For example, trust in a label that claims all natural is misplaced because there is no standardization or scientific oversight to prove this claim. It is BS. All-natural corn chips are likely equally as healthy as all-natural hot dogs.

But if your Facebook friend convinces you that all-natural corn chips are a diet must-have and that kiddos at your backyard barbecue deserve all-natural hot dogs, are you bullied through implied power of platform?

Your trust is abused when a manufacturer attempts to label a product to stand out from similar products, all in the pursuit of money or power. A food company’s marketing team decides that labeling its meat antibioticfree will differentiate the product in the very competitive meat case, resulting in more sales for the antibiotic-free meat. The label infers superiority when, in fact, each brand of meat is tested equally for antibiotic residues.

On a quick trip to the grocery store, it is easy to be bullied by the implied power of product and have your trust abused by label claims.

Chain of command

Let’s take a look at the chain of command for our basic human needs so we can determine where trust in food claims can be placed. These needs provide motivation for doing something, especially those reasons that are hidden or not obvious.

Maslow’s hierarchy of needs is arguably the best-known and most widely accepted theory of human motivation. Maslow’s hierarchy demonstrates there are five interdependent levels of basic human needs (motivators) that must be satisfied in sequence. The hierarchy shows physiological needs must be met first, followed by safety needs, then belonging and esteem needs, and finally need for self-actualization, which is key in reaching our highest potential.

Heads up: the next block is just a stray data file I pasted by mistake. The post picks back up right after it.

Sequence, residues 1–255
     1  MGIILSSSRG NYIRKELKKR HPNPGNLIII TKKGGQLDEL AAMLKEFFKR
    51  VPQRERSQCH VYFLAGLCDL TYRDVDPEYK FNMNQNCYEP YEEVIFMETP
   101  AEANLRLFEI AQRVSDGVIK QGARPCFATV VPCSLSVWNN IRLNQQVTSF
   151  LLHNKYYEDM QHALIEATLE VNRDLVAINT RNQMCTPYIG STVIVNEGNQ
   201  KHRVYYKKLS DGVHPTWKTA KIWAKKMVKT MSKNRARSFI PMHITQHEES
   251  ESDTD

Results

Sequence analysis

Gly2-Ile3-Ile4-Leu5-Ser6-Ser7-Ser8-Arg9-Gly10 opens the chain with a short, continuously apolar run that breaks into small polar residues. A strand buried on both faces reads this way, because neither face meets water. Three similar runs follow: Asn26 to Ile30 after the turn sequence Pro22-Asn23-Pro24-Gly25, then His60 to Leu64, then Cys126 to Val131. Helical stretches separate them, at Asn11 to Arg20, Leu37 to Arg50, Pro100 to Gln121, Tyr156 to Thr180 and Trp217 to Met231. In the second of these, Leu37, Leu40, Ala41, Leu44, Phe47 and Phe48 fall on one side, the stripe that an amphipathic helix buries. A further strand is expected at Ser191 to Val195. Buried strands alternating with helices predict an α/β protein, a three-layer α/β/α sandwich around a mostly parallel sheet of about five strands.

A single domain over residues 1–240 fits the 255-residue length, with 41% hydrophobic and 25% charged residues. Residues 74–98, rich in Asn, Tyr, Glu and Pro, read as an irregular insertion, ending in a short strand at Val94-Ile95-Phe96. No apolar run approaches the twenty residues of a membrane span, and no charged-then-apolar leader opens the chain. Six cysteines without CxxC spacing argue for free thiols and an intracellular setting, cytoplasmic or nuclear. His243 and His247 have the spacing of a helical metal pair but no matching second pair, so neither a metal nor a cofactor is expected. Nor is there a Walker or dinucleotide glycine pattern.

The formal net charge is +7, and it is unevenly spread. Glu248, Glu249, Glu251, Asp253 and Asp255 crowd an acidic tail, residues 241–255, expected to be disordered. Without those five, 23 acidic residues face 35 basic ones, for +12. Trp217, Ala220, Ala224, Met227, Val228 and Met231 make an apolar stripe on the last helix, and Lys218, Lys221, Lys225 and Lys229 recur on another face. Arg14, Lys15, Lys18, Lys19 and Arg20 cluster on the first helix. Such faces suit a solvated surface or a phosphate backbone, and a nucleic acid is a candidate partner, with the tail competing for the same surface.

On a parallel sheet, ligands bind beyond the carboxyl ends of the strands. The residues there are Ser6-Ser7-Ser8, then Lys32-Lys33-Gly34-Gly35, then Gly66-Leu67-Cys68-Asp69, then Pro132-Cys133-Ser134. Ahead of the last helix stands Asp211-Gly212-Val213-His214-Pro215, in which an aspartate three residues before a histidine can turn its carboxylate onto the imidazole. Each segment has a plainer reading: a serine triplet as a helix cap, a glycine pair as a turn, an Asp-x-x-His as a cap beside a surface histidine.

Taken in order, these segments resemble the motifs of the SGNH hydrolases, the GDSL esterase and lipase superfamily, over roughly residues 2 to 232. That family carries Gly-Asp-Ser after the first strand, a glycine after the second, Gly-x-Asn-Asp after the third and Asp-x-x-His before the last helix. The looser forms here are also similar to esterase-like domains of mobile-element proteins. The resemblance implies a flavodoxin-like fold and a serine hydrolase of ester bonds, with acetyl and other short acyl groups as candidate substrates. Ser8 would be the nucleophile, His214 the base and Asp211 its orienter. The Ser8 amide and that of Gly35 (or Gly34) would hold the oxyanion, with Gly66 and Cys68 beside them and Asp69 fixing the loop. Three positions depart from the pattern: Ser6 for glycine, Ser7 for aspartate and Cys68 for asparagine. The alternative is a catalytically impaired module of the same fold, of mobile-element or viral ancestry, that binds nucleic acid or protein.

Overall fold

According to Maslow, all human actions can be largely explained based on these five levels of needs. In my own research and work experience, I have increasingly found what I believe are close parallels between Maslow’s hierarchy and what motivates both food sellers and food buyers.

By better understanding the motivation behind selling and buying behavior, we can also better grasp food bullying strategies, recognize when they are being used, and develop our own plans for resisting the mind games.

Bullying most often preys on esteem and belonging needs, once the physiological and safety needs are met. I have also found that those selling food move from influence to bullying by focusing on our belonging and esteem motivations.

By placing food buying needs on Maslow’s hierarchy, we have a tool to understand and evaluate how motivation is used and abused across the food playground. Looking at food-buying needs on Maslow’s hierarchy allows us to start with the fundamentals. The influence at the physiological and safety level is, what is nutritious and safe? Unfortunately, these two basic levels are often overlooked in developed countries; nutritious and safe food is largely assumed, even expected.